A doctor e-mailed me this question this morning. Well, actually, the question was more like, “Do you have any articles that show that speed of impact is not a reliable indicator of severity of injury?”
Of course I do.
Are there actually people still out there who claim otherwise? Seriously?
So, here’s a bit of a disclaimer. In addition to practicing for more than 34 years and teaching documentation and coding for more than 20 years, I also consult with insurance companies. I review a LOT of chiropractic records.
When I first started working with a particular insurance company, the higher ups wanted me to meet with their adjusters. One of the adjusters said something like, “Some of these cases we see have such minor vehicle damage…” and then she rolled her eyes, and all of the other adjusters laughed.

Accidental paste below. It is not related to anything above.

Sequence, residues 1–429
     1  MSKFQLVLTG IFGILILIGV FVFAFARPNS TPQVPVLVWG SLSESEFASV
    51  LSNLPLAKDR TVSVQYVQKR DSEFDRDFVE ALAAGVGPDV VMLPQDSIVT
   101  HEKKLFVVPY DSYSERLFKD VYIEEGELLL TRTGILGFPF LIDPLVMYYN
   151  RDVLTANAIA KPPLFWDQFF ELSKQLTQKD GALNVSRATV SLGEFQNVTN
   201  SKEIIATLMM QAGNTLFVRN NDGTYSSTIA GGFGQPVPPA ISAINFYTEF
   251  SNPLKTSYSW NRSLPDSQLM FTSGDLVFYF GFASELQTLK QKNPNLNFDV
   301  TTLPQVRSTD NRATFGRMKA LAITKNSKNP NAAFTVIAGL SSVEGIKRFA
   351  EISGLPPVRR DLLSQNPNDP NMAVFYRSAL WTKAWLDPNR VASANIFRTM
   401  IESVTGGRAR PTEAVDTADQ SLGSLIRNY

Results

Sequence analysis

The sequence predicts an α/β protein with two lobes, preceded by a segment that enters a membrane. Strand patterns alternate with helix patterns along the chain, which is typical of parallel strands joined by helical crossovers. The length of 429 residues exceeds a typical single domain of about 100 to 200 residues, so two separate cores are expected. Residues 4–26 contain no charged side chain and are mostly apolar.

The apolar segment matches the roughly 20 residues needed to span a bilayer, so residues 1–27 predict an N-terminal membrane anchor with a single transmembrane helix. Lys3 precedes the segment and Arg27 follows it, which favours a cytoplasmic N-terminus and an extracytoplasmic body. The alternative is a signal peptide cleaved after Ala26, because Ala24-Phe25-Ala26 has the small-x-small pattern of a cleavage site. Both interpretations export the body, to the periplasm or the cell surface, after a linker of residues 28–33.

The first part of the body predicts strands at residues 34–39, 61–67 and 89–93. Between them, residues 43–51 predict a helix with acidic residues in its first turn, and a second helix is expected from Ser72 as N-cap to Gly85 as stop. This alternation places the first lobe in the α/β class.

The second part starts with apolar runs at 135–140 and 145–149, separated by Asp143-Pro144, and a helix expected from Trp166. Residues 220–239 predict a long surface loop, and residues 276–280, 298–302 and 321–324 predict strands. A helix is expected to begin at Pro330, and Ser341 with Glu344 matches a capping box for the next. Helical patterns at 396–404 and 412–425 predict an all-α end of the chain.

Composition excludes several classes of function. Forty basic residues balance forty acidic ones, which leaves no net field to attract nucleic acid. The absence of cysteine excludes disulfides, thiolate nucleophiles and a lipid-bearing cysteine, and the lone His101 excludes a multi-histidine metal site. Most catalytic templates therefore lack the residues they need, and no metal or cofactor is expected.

I looked at the higher ups, then the adjusters and then the defense attorney. I thought to myself, “Hmm. How should I say this?”
This is what I said:
A person can be injured in a motor vehicle collision regardless of the speed of impact or dollar amount of damage to the vehicle. A person can also NOT be injured, regardless of those factors. I told the adjusters that anyone who says that minor damage to a vehicle could not cause injury is an idiot (I actually tell them that).
But is that even the point?
The real argument, though, is WAS the patient ACTUALLY injured. This is where, literally, 99.9% of all cases I review FAIL MISERABLY. Most chiropractic and medical exams are 75% deficient and miss all kinds of injury.
If your entire exam consists of the ortho/neuro exam, you lose. More importantly, though…
Your patient loses.